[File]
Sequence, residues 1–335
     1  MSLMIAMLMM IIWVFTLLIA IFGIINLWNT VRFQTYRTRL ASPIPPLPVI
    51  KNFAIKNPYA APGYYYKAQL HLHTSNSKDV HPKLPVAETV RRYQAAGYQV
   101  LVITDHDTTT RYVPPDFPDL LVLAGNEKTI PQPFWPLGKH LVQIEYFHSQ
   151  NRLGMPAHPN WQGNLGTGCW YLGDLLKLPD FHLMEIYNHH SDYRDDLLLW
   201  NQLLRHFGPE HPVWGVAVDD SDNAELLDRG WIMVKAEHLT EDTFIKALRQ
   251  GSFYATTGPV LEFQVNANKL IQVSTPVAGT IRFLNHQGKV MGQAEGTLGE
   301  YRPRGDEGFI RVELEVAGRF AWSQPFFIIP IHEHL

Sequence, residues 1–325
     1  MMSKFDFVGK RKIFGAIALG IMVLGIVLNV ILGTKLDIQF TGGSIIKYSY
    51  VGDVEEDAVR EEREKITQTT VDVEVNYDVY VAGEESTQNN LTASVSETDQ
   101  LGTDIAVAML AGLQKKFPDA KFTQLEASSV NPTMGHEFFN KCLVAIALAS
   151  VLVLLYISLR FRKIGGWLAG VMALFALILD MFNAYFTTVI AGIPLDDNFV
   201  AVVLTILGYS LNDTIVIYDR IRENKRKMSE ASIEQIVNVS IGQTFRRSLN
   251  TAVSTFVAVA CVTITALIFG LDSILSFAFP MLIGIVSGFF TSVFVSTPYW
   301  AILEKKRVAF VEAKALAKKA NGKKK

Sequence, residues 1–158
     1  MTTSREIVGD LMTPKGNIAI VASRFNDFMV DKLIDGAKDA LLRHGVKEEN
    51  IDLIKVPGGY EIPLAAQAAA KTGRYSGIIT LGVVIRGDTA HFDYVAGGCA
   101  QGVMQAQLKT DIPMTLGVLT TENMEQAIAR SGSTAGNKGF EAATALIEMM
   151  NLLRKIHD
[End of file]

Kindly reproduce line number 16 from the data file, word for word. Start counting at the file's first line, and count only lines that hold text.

   301  AILEKKRVAF VEAKALAKKA NGKKK